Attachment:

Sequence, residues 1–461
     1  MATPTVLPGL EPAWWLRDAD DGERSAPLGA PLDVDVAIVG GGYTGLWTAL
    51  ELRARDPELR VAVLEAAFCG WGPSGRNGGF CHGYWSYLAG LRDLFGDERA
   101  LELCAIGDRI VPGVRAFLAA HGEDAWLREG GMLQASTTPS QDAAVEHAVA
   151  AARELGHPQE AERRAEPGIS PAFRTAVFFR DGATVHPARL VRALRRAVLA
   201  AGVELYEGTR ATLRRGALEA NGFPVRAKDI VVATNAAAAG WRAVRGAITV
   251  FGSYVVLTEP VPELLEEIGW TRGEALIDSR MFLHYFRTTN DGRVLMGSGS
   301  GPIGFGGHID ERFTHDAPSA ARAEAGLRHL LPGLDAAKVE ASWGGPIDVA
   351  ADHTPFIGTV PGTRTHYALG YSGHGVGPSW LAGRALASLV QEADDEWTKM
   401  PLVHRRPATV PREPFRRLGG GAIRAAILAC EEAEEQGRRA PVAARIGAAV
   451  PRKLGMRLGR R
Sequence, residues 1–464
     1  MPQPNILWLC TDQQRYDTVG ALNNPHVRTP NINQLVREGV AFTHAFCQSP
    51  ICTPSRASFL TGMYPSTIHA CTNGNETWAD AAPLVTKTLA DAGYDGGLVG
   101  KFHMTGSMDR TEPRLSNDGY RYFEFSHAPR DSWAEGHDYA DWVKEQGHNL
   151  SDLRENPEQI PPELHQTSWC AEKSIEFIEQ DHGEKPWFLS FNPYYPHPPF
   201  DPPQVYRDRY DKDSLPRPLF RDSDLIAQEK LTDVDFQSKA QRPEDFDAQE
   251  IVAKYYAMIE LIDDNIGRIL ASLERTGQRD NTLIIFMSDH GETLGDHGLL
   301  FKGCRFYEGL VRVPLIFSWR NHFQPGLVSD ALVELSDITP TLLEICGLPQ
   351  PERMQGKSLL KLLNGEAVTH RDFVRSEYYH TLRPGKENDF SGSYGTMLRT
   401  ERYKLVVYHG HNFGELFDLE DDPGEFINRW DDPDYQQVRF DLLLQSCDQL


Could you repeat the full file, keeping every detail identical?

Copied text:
Sequence, residues 1–461
     1  MATPTVLPGL EPAWWLRDAD DGERSAPLGA PLDVDVAIVG GGYTGLWTAL
    51  ELRARDPELR VAVLEAAFCG WGPSGRNGGF CHGYWSYLAG LRDLFGDERA
   101  LELCAIGDRI VPGVRAFLAA HGEDAWLREG GMLQASTTPS QDAAVEHAVA
   151  AARELGHPQE AERRAEPGIS PAFRTAVFFR DGATVHPARL VRALRRAVLA
   201  AGVELYEGTR ATLRRGALEA NGFPVRAKDI VVATNAAAAG WRAVRGAITV
   251  FGSYVVLTEP VPELLEEIGW TRGEALIDSR MFLHYFRTTN DGRVLMGSGS
   301  GPIGFGGHID ERFTHDAPSA ARAEAGLRHL LPGLDAAKVE ASWGGPIDVA
   351  ADHTPFIGTV PGTRTHYALG YSGHGVGPSW LAGRALASLV QEADDEWTKM
   401  PLVHRRPATV PREPFRRLGG GAIRAAILAC EEAEEQGRRA PVAARIGAAV
   451  PRKLGMRLGR R
Sequence, residues 1–464
     1  MPQPNILWLC TDQQRYDTVG ALNNPHVRTP NINQLVREGV AFTHAFCQSP
    51  ICTPSRASFL TGMYPSTIHA CTNGNETWAD AAPLVTKTLA DAGYDGGLVG
   101  KFHMTGSMDR TEPRLSNDGY RYFEFSHAPR DSWAEGHDYA DWVKEQGHNL
   151  SDLRENPEQI PPELHQTSWC AEKSIEFIEQ DHGEKPWFLS FNPYYPHPPF
   201  DPPQVYRDRY DKDSLPRPLF RDSDLIAQEK LTDVDFQSKA QRPEDFDAQE
   251  IVAKYYAMIE LIDDNIGRIL ASLERTGQRD NTLIIFMSDH GETLGDHGLL
   301  FKGCRFYEGL VRVPLIFSWR NHFQPGLVSD ALVELSDITP TLLEICGLPQ
   351  PERMQGKSLL KLLNGEAVTH RDFVRSEYYH TLRPGKENDF SGSYGTMLRT
   401  ERYKLVVYHG HNFGELFDLE DDPGEFINRW DDPDYQQVRF DLLLQSCDQL